Student recognition

The Migration of a Byzantinist: A Student’s Journey from Health Sciences and Hellenic Studies at SFU to Wisconsin-Madison’s PhD Program

March 03, 2021

When Tiffany VanWinkoop joined SFU’s Faculty of Health Sciences in the fall of 2014, she had a very specific, linear career path in mind.

She wanted to study medicine to become a doctor.

It was during her second year that Hellenism caught her eye. To fulfill her elective requirements, Tiffany enrolled in HS 100: The Greek World which sparked her interest in Greek history and culture. This included an introduction to ancient Greece, Byzantium, the Greek Revolution, the Greek Civil War—all the way up to present day Greece. Fascinated, she continued to take Hellenic Studies courses, and even travelled to Greece for the Field School Program in 2017. Later that year, she was selected to participate in a prestigious internship with one of the world’s leading private, international philanthropic organizations, the Stavros Niarchos Foundation.

In June of 2019, Tiffany received her Bachelor of Science degree in Health Sciences with distinction, along with a Certificate in Hellenic Studies.

Before she knew it, Tiffany was switching career paths.

Officially hooked on Hellenism and decidedly switching from histology to historiography, Tiffany began her master's program in the fall of 2019 under the supervision of professor Dimitris Krallis, whose work had greatly inspired her own. Her thesis, "Master of Ceremony: Ritual, Dialogue, and Rebellion in 10th Century Byzantium" (working title), explores the intersection of political and cultural life in Constantinople by considering a previously dismissed medium, court ceremonies, as a foundational means of communication between the emperor and his people. In her work, she tries to discover how ceremonies served as staging grounds for politically charged dialogues.

Dimitris Krallis adds:

Her MA thesis is shedding light on important aspects of this fascinating Byzantine document. Papers she has presented at international conferences showcase her innovative thinking by elegantly bringing together textual narratives and explicating, by way of parallel readings, important moments in Byzantium's political history. 

Fast forward seven years since the start of her journey at SFU, we are pleased to share the news that Tiffany has been accepted to the University of Wisconsin-Madison for a PhD program in the Department of History. Fully funded for five years, Tiffany will be under the supervision of a department chair once more as she works with professor Leonora Neville, who has produced five books on Byzantine History focused on gender, civic religion and religious aspects of political culture, as well as historical memory and historiography.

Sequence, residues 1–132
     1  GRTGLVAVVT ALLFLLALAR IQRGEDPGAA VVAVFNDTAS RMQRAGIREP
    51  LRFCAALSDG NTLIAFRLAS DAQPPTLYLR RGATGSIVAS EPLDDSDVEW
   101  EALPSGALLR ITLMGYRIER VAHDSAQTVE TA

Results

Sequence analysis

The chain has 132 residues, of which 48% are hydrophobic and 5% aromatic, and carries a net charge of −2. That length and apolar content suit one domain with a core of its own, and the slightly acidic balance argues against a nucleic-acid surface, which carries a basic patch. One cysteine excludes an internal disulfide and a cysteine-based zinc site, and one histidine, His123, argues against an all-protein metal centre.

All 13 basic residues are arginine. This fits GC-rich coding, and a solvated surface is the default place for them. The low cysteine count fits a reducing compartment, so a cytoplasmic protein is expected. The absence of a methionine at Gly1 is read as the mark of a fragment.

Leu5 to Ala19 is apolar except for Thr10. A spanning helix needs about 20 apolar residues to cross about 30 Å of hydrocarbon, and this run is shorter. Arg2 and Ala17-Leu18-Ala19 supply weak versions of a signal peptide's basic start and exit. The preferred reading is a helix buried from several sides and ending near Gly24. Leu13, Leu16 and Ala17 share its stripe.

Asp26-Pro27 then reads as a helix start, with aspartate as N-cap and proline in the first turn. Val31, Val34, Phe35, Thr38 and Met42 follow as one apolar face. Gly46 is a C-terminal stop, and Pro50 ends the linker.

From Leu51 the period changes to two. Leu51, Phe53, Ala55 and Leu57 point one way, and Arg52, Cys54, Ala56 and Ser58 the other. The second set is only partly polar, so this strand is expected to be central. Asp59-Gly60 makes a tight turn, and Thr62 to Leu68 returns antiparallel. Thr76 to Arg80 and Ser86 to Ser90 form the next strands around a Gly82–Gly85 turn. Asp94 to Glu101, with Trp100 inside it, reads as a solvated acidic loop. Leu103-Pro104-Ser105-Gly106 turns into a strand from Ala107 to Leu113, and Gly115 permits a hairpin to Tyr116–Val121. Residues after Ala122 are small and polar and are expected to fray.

Tiffany will study how the decline of the Byzantine state in the 12th and 13th centuries eventually resulted in the creation of the Pseudo-Kodinos, a ceremonial text, in the 14th century, ultimately aiming to uncover power dynamics between the emperor, the court, and the patriarch, within the city of Constantinople and beyond.

Tiffany has developed quite the CV over the course of her time at SFU. She has won the Tadeusz Specht Memorial Scholarship in Science and the Joseph-Armand Bombardier Canada Graduate Scholarship-Master’s (CGSM), as awarded by the Social Sciences and Humanities Research Council (SSHRC). She also more recently received the William and Jane Saywell Graduate Scholarship in History.

But almost more impressive than her CV, is Tiffany’s dedication to engage. Throughout her time at SFU, Tiffany has been a vital part of the Centre’s community, through her regular attendance at events, critical questions, and keen desire to always offer a helping hand to faculty and staff. Tiffany is respected and appreciated by her peers and superiors because she is the kind of person that is always the first to arrive and the last to depart.

Tiffany has spent the majority of her undergraduate and graduate degrees studying full time while working. She has been a research assistant, TA, and TM, Campus Tour Guide, as well as a Student Information Assistant, inspiring prospective students to pursue an education at SFU. Tiffany reflects on her experience:

Looking back on my last five years of being involved at the SNF Centre, I cannot begin to express how grateful I am to Professor Krallis for his support and mentorship over the years. Being able to meet his cohort of PhD students, Aleksandar Jovanović, Jovana Andjelkovic, and Mete Oguz has been a blessing, and I am so grateful for their friendship and guidance. I am also grateful to the Centre’s other faculty members Sabrina Higgins, Eirini Kotsovili, and James Horncastle who all in their own ways took me under their wings and taught me how to be a grad student. I know my engagement with the Centre will not end here. I look forward to seeing how the Centre will grow in the future.

Tiffany's engagement within the SFU community, work ethic, compassion, and insatiable desire for answers, has made us proud and we are so excited for the next step in her academic journey.

Learn more about Tiffany in her graduate profile.

For more information about the SNF Centre for Hellenic Studies and its programs, please visit our Media page.